Activity 1: Before we make some explosive science of our own, let’s learn more about what’s happening under the earth’s surface to cause a volcano with this edible plate tectonics activity.
Activity 2: Why do volcanoes exist in some parts of the earth and not others? The answer lies in the earth’s plates and it’s fault lines. This map shows us the location of the Decade Volcanoes.
The Decade Volcanoes refer to 16 volcanoes identified as being worthy of particular study in light of their history of large, destructive eruptions and proximity to populated areas. They are named Decade Volcanoes because the project was initiated as part of the United Nations-sponsored International Decade for Natural Disaster Reduction. [source]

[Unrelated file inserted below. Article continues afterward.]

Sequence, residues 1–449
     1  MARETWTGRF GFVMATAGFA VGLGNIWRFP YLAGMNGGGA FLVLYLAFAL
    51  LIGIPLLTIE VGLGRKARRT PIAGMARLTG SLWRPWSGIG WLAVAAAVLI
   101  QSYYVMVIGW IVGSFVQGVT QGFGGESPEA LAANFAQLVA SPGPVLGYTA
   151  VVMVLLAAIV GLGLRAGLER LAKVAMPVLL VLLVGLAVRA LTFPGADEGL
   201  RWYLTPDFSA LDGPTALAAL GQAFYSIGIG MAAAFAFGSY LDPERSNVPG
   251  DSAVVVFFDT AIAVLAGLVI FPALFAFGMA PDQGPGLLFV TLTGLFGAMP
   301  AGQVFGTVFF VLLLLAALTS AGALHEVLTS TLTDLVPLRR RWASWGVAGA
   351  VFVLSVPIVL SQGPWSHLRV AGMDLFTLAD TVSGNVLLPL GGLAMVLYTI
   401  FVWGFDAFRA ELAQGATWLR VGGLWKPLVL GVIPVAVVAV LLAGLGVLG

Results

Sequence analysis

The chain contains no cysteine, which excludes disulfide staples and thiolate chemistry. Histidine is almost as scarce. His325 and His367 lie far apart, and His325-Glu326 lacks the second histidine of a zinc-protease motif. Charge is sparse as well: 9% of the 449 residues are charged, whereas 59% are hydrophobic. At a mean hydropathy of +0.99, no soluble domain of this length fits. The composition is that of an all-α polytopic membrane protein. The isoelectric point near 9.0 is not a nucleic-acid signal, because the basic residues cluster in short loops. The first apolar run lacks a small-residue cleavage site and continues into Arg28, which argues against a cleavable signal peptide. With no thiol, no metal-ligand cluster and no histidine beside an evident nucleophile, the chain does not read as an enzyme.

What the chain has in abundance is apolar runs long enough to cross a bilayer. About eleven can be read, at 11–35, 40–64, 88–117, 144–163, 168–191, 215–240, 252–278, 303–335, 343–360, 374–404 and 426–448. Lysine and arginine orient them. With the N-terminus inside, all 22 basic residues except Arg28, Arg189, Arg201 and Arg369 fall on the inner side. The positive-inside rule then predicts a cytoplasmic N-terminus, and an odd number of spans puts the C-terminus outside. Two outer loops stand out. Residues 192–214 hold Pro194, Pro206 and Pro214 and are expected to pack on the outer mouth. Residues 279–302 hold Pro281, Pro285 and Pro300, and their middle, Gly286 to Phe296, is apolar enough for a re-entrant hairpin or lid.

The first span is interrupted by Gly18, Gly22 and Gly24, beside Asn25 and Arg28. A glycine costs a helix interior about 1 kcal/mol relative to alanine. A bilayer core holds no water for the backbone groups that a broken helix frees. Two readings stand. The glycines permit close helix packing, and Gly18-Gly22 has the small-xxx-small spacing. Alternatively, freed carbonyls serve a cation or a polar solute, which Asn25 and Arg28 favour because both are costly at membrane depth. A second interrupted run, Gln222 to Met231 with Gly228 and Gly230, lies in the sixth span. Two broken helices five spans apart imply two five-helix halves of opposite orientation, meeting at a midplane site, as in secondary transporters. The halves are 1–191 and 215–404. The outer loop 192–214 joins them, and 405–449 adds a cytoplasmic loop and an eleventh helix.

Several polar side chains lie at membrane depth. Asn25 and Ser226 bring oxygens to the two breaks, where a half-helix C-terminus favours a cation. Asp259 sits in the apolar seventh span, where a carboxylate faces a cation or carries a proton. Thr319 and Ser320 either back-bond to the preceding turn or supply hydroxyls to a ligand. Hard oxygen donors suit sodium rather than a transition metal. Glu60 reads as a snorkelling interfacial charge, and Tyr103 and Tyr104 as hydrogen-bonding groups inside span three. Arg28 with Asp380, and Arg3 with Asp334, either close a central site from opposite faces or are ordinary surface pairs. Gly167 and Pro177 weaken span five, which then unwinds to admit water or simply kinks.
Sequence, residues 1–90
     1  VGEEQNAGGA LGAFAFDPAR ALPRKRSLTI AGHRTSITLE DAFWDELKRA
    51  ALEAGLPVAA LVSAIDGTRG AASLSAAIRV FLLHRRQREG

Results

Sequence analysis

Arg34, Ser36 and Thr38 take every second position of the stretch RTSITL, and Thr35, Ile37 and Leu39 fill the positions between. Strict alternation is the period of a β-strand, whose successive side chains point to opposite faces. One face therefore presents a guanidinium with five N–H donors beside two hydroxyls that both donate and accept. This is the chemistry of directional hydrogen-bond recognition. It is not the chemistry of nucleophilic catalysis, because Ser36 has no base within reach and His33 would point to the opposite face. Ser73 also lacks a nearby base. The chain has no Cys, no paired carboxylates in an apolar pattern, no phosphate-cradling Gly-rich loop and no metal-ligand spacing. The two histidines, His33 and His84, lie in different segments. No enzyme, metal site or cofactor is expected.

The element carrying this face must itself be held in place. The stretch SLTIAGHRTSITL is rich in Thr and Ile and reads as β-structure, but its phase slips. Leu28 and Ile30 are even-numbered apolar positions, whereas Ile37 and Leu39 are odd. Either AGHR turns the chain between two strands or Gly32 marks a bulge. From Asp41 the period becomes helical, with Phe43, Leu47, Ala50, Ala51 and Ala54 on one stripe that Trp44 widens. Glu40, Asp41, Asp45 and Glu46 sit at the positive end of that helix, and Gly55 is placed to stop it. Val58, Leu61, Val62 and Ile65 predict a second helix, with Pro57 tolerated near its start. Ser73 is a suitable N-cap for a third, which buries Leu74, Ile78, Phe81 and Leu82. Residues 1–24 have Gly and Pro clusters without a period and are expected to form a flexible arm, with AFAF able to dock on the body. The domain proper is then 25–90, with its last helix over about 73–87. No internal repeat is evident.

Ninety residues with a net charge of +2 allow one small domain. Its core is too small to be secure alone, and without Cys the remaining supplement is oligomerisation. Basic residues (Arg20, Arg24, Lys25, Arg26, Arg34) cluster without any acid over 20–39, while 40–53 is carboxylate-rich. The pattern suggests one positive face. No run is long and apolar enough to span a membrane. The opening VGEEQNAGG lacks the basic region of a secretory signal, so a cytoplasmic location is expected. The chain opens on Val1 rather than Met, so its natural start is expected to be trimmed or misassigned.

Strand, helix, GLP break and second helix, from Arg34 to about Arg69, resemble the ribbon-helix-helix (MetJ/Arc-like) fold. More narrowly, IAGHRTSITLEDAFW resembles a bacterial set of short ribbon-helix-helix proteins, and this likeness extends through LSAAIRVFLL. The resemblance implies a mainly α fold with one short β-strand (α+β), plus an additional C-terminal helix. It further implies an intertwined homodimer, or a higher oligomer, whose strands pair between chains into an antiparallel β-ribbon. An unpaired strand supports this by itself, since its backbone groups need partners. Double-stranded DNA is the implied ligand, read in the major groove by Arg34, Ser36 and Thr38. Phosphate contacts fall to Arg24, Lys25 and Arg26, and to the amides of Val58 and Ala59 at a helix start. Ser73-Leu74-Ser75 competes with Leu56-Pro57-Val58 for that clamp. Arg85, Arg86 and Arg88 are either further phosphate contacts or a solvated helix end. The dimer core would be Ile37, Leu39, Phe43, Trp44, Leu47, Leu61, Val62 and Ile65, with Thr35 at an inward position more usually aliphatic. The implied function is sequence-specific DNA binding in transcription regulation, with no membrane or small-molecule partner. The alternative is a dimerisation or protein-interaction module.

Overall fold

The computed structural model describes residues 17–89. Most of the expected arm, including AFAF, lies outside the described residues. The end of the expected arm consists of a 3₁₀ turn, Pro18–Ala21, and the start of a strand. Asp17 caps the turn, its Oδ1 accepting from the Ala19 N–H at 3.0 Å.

Print out a copy of the map and use it as a mini research project. Use four different colors of marker or highlighter to identify each as erupting, dormant, eruption warning status, or restless. Assign one color to each status, and look up each volcano together. Once you have determined its status, highlight it or circle it with the correct color on your map. Where are the most dangerous volcanoes? Where are the least dangerous?
Activity 3: Does your child wonder what they should do if ever faced with an active volcano? This simple video provides a few safety tips that might help them feel more secure.
Activity 4: Now we’re ready to initiate an eruption of our own! Let’s make a volcano that will also give us a peek at what is happening inside the eruption with this tutorial. Your child may also want to create the surrounding landscape of their volcano with leaves, sticks, and figurines in a sensory bin or baking tray.
There is so much more to rocks than pebbles and moutains. Let’s learn about the wide variety in the book A Rock is Lively.